Just a little bit of help here if it is any good (I meant to tell you about this by email, Lindsay, so remind me and I will give you more detail). My (ex-Lindsay!) Kappa has lovely lacquered wheels, and they aren't that old, having been replaced by the owner before Lindsay. However, I obviously have the same problems of poor longevity as everyone else, but I have managed to slow down the decline considerably. In winter I spray the lacquered finish with WD-40 every time I wash the car (that's usually 2-3 times a week in winter because I am pathological about salt). It is extremely effective at keeping the wheels going longer, because any little chips or cracks that the lacquer gets are protected by the WD-40. Just be careful to cover the brakes (it is best to take the wheels off the car to do it, although that's a bit of a burden on a daily driver!). The only downside of course is that the WD-40 attracts dirt, so although the wheels are protected by a thin layer of oil they tend to look really grubby. But they do in winter anyway, and I reckon having grubby wheels for 3-4 months a year is better than having corroded ones.

Finally, we just did some work on an absolutely fantastic 8V Integrale that had been imported from Japan, and although the wheels (the original pepperpot ones with the gunmetal centre but unpainted lacquered edges) were 90% perfect, the owner wanted them to be 100%. So we searched around, and to my considerable surprise we managed to find a refurb specialist in Cornwall who did them for about 75 per wheel (I am not 100% certain on the price because it was a few months back, but that's within 20, and it was certainly less than 100). Although that is a bit more expensive than our usual wheel refurb man (things are cheap down 'ere in darkest Devon!), it is only about the same price that I usually hear quoted from refurb people 'up country'. And it is considerably cheaper than it would cost to strip them and paint them - I once stripped the lacquer off a set of Thema wheels, and just doing that bit of the job alone took me 3 days!

I hope that helps a bit - if you have a set of lacquered wheels that you want to get done let me know and I will try to help.

Cheers

Alan
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Paul Greenway
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« Reply #49 on: 23 February, 2012, 12:53:47 PM »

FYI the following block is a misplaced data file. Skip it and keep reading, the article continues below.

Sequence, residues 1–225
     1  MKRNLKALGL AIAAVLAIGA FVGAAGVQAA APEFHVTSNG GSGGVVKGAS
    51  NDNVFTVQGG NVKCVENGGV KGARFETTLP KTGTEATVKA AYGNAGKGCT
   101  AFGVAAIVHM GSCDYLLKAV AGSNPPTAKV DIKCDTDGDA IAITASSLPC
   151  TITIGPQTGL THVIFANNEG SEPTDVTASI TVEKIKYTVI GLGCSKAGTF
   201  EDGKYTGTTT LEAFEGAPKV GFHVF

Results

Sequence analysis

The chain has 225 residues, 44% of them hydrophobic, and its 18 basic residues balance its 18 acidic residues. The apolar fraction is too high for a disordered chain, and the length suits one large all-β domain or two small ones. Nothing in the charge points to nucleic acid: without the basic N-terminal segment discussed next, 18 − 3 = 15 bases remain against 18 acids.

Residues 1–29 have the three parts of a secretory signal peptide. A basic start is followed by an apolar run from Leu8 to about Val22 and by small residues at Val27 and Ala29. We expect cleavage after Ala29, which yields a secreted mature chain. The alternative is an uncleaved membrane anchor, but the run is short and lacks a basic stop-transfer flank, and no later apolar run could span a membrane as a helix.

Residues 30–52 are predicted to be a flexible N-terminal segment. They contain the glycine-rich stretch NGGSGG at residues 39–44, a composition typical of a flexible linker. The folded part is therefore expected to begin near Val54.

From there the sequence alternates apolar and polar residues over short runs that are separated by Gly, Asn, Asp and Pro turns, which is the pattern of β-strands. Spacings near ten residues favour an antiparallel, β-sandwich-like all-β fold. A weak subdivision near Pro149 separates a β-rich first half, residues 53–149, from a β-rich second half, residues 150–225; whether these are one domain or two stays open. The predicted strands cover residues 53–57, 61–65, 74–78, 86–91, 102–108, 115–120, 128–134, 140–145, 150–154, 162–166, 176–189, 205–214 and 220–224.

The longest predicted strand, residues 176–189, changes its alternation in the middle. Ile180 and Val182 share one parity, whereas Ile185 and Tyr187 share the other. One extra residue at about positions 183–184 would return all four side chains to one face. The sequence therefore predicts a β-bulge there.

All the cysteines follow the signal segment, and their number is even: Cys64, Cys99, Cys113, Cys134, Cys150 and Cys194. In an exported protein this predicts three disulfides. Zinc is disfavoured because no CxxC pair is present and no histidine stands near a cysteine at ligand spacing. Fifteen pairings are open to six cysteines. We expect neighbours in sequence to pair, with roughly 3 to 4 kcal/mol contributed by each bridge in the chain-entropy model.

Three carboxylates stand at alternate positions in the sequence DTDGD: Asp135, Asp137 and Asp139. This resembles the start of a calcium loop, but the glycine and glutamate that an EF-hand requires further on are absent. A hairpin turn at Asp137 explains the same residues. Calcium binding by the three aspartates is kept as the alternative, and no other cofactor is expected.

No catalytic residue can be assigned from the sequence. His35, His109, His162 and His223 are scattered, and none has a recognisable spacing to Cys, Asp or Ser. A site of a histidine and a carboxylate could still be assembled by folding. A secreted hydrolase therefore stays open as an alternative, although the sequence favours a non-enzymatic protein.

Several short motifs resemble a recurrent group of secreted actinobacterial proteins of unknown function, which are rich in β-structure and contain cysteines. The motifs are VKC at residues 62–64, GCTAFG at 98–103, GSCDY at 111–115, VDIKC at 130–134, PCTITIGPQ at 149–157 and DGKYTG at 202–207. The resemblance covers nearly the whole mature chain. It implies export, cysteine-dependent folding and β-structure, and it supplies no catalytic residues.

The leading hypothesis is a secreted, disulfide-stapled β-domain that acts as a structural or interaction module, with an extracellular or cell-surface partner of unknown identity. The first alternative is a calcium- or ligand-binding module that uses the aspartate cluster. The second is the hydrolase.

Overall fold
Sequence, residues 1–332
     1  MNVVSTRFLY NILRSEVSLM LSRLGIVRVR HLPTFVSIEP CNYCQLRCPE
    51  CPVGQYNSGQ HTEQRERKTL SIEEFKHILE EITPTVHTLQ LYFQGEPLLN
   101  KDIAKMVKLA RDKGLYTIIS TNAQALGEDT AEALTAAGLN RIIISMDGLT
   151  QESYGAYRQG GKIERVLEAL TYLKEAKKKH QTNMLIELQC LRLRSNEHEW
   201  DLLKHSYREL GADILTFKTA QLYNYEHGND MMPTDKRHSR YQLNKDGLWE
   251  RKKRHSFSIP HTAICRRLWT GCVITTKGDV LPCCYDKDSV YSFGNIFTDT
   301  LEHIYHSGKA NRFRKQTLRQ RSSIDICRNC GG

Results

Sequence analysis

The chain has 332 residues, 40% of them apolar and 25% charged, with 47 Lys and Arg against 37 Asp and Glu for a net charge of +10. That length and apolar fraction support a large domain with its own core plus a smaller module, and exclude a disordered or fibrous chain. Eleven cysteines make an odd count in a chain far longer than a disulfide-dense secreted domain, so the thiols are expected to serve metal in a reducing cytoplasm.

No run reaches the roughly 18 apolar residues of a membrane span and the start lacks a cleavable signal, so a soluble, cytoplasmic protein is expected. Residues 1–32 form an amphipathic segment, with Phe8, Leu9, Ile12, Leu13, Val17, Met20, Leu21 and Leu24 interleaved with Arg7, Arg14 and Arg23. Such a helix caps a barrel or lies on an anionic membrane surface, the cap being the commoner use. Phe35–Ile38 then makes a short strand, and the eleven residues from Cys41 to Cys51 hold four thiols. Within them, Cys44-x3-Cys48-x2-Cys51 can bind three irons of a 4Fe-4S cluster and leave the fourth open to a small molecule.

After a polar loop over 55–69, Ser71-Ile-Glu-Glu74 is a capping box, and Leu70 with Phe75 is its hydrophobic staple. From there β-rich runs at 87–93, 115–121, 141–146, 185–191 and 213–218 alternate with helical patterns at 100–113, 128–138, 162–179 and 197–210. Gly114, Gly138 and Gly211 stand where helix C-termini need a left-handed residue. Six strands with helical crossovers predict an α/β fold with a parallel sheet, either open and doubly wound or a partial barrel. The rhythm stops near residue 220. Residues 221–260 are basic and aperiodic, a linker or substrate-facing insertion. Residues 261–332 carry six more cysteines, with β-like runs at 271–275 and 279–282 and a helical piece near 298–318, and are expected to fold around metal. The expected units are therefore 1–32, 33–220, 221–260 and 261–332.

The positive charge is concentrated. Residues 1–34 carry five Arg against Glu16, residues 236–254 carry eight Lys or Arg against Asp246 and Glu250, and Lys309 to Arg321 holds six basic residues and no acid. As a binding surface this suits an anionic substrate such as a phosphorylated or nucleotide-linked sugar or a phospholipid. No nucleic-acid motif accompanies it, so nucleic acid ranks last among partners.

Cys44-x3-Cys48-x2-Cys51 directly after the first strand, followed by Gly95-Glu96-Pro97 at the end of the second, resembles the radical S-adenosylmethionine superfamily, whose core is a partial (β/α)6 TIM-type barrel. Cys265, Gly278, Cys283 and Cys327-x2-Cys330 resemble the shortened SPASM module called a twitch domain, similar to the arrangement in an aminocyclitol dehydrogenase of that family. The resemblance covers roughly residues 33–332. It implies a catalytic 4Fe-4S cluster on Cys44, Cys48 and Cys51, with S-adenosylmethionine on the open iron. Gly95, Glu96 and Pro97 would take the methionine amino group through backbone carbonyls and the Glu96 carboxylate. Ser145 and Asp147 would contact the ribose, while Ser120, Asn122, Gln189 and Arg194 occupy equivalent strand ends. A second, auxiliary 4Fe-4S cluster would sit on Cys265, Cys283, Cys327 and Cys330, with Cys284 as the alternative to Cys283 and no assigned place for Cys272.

Paul,
From what you outlined of the work they carried out, I take it that it is fairly easy to switch the headlamps to RHD?

I appreciate that they got around the C of C as far as the emissions were concerned, but did you still have to present the C of C ?
Brian
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Brian,

I was told that it was just a matter of turning the bulbs prior to purchasing the car which I think maybe the case on non xenon cars, however on mine I understand it was a bit of a faf with the self levelling system and its sensors still at least it's sorted.

No as far as I understand they did not require to disclose the C of C as the car is not recognised on any UK database system which is one of the issues I had when trying to get it insured- no-one would quote because the Thesis doesn't exist?Huh???

Paul.
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1972 Fulvia Sport 1600
2012 Delta 3 2.0 Multi-jet

Previous Lancia - 78 Monte Carlo, 83 HPE VX, 88 integrale, 89 Delta GTie, 90 Y10GTie, 90 Dedra 2.0ieSE, 91 Delta HF Turbo, 91 integrale 16v, 09 Thesis Sportiva Comf
fay66
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« Reply #50 on: 23 February, 2012, 05:36:57 PM »

Paul,
Pity I didn't realise that or know of SCS (Assuming they were in business then) when I imported my Y Elefantino Rosso in 1999, as I wasn't aware that if it wasn't available in the UK you didn't have to comply.
As for the headlamps said they were ok, and were supposedly centre dip according to an article by someone else who had bought one in, in fact that was incorrect as they definitely dipped to the right, but I kept my headlamp adjustment in the lowest position and never had a problem.
It seems easier these days as the pattern is no longer in the headlamp glass, and just rotating the the bulb holder sounds a really sensible solution, one good thing about the Y's headlamp was the lens wasn't glass but polycarbonate with no chance of breakage, which was a nightmare with Dedras.
I had the same problem with insurance but eventually found a company who insured lhd cars,  in Swansea.

Brian
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Own 1966 Fulvia 2C Berlina since 1997, back on road 11-1999.Known as "Fay"
1999 Suzuki Wagon R+ GL, now my daughters
2006 Renault Megane 1 5 Dci Sports Tourer
Dedra Technical Adviser